message.jpg OK, so let’s break that down a bit. We start out by defining a NMPS (my abbreviation) as anything that’s “psychoactive”. As I’ve just explained what psychoactive means, let’s be clear that at the moment we’re including: tobacco, alcohol, coffee, Difene, Nicorette, tea, as well as everything that’s sold in a headshop. Obviously we don’t want to ban tea or coffee, so we begin to include exceptions. Firstly we rule out stuff covered under the IMB Act, so that’s legitimate pharmaceuticals made legal; the Misuse of Drugs Acts 1977 excludes more conventional drugs, which were illegal anyway, the Intoxicating Liquor Act takes care of alcohol, by far the most commonly consumed psychoactive in Ireland. There’s one caveat, though: a “psychoactive substance”, for the purpose of the Act, must first “by recognised by the Authority [Non-Medicinal Psychoactive Substances Regulatory Authority] as falling within its remit.

    Here are the problems so far: tobacco is technically illegal, at least until the NMPRSRA excludes it from its remit. This should already set off alarm bells about sloppy drafting. The same can be said for tea and coffee. Secondly, we’ve already set up a whole new Authority: the Non-Medicinal Psychoactive Substances Regulatory Authority. Besides the fact that it doesn’t exactly roll off the tongue, we have to wonder who the Authority will be comprised of, what criteria it will use to decide what falls within its “remit” (or doesn’t), as well as a whole host of other questions.


    The real problem, I think, is going to be the decision as to what’s medicinal, and what’s non-medicinal. There are literally thousands of psychoactive substances in the world: tea is psychoactive because it contains L-Theanine, coffee because it contains caffeine, tobacco contains nicotine, but we don’t want to ban all of these. The real problem, though, won’t come from the everyday substances just mentioned (because they obviously won’t be banned) but from herbal medicines which could be unfairly and illegitimately banned by a heavy-handed “Authority” (to abbreviate).

    Valerian: Natural sleeping aid could be illegalized if Authority sees it as coming within its "remit"

    valerian.jpg For instance, there are plenty of worthwhile psychoactive herbal medicines, but will they be considered to have a valid medical use and so pass the test of coming within the Authority’s remit?:

    St John’s Wort: Psychoactive constituent hypericin, used to treat depression.

    Valerian: Psychoactive constituent valerianic acid: used to treat nervous anxiety.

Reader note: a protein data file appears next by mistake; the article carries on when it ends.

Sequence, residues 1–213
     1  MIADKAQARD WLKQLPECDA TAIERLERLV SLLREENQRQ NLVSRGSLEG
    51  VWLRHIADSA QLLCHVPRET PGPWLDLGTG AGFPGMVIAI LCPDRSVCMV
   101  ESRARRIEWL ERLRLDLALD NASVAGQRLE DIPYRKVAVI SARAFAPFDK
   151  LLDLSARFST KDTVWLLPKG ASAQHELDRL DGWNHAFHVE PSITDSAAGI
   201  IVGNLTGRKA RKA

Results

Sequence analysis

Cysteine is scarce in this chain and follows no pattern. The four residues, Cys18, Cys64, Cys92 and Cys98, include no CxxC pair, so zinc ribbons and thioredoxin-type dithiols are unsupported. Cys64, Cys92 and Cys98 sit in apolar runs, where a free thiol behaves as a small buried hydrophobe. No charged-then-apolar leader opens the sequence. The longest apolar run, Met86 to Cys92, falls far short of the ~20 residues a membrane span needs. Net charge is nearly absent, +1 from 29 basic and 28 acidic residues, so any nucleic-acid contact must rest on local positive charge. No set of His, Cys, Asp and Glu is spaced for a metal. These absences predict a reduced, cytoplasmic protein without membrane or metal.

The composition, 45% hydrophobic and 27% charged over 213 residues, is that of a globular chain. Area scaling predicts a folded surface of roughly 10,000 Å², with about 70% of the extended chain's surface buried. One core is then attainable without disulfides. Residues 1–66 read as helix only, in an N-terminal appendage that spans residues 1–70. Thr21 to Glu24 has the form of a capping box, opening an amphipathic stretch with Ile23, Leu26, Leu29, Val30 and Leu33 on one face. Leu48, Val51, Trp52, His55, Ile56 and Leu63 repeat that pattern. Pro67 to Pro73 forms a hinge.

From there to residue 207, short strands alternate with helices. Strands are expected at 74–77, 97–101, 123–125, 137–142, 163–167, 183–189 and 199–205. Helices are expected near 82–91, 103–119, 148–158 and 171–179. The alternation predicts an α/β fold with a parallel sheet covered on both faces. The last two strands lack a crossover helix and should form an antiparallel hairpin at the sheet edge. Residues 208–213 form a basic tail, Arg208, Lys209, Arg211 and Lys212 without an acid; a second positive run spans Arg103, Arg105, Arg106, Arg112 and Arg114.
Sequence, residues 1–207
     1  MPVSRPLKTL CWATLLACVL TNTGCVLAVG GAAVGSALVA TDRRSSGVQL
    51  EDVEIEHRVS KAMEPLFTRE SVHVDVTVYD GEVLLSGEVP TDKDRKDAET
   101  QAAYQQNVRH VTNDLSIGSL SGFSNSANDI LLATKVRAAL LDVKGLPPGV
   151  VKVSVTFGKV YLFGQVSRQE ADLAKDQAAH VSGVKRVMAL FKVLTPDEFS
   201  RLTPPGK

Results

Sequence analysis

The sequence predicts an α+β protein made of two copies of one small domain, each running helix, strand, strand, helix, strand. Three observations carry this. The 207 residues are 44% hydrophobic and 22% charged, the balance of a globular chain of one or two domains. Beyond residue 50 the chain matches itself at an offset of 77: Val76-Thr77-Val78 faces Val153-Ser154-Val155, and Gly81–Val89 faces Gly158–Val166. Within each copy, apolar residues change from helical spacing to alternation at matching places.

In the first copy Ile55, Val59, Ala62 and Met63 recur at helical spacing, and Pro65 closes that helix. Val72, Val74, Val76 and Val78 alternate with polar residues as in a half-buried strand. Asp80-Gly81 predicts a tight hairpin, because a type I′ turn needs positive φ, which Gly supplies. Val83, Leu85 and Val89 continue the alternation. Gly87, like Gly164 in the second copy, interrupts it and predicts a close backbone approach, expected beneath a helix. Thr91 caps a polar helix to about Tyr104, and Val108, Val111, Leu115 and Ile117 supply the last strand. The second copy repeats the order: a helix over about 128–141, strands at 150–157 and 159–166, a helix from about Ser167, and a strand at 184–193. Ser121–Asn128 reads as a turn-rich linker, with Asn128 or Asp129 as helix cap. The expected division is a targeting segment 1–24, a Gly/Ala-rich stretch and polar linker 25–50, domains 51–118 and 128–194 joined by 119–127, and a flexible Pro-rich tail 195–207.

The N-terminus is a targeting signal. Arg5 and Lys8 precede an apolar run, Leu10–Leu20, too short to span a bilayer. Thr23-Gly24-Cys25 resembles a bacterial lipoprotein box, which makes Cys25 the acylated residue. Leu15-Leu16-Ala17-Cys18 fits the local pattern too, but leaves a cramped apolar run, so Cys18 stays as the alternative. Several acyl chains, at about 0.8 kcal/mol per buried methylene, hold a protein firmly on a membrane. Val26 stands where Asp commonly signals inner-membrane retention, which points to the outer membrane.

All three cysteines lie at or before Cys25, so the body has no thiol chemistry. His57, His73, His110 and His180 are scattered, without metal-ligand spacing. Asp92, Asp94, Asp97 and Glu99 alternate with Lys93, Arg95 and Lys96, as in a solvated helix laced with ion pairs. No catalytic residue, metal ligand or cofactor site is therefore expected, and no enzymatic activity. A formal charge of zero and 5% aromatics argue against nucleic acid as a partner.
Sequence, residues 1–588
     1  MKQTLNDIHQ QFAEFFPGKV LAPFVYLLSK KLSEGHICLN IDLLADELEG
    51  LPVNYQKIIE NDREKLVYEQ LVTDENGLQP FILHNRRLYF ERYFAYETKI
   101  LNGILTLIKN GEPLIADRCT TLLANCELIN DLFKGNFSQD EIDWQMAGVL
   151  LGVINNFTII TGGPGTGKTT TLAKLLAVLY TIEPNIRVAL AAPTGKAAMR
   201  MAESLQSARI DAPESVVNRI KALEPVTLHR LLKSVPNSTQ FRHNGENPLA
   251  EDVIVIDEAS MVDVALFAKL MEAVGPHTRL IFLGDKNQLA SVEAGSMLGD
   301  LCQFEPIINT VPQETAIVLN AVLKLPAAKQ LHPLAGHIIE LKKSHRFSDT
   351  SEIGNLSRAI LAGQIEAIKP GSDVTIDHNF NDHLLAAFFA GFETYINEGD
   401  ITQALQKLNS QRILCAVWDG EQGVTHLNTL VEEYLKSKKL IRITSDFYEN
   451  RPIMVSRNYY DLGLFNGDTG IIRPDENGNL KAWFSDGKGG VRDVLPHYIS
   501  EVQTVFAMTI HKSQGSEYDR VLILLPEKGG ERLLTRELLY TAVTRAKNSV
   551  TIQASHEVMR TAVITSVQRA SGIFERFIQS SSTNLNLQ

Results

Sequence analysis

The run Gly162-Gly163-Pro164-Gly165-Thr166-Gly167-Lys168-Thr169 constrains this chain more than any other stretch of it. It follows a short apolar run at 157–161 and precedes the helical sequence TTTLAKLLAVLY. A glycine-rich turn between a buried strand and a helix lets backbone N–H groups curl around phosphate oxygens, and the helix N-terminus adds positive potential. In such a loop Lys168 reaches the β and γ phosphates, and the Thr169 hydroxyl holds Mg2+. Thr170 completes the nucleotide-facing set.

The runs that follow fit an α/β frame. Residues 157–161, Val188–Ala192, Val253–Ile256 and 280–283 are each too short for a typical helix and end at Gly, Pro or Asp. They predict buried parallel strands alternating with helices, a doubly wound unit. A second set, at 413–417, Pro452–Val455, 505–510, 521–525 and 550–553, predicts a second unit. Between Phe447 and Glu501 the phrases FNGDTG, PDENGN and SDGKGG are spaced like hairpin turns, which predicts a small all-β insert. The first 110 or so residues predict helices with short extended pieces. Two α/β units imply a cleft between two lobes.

Kratom: Psychoactive constituent: many alkaloids, useful for depression, anxiety, stress.

    Kava: Psychoactive constituent: kavain, plus many others: used medicinally for anxiety.

    That’s just a tiny snapshot of the literally hundreds of medicinal herbs that aren’t legal highs but could be caught within the grip of the to-be-founded NMPRSRA if they’re not considered “medicinal” enough to be excluded.

    The real problem, though, is that when we’re dealing with herbs we have two highly conflicting medical viewpoints: the allopathic viewpoint (that of conventional doctors) and the homeopathic/naturopathic viewpoint (that of herbal medicine practitioners). Conventional medics don’t view as “medicinal” herbal products which have not passed a series of rigorous clinical trials. Yet often they haven’t passed trials because of the prohibitive cost of clinical trials, and as herbal medicines aren’t billion dollar cash-cows (as pharmaceuticals are) there’s nobody to fund such trials.

    This situation is made far worse by the planned composition of the Body. It will consist of ten members, none of which will have any background dealing with herbal medicine, expect from an inherently sceptical alleopathic background. The members will be: one from the Irish Medicines Board (notorious for their mistrust of herbal medicine after regulating St John’s Wort and banning kava), another from the Food Safety Authority, another from the Pharmaceutical Society of Ireland (same problem here), one member of the Gadai, one from the HSE, one from the National Advisory Committee on Drugs, as well as four nominated by the Authority based on their qualifications. The problem – theref0re – is that not even one of the ten members will likely be anything other than hostile to most herbal medicine, will probably view these useful herbs as no different to the harmful stuff that was being sold in head-shops, and we’ll all suffer as a result.

    By Daniel O'Carroll
    May 16 2010


  1. SomeGuyIKnow
    The thought had occoured to me that if the "War on legal highs" continues then the ethnobotanicals may end up getting caught in the crossfire. That would be a terrible loss, since there's a lot left to explore down that road.
  2. readeadamie
    Well as far as SWIM knows Salvia and Kratom are supposed to be covered by the second ban at the start of Autumn which will cover 50 substances in total. [​IMG]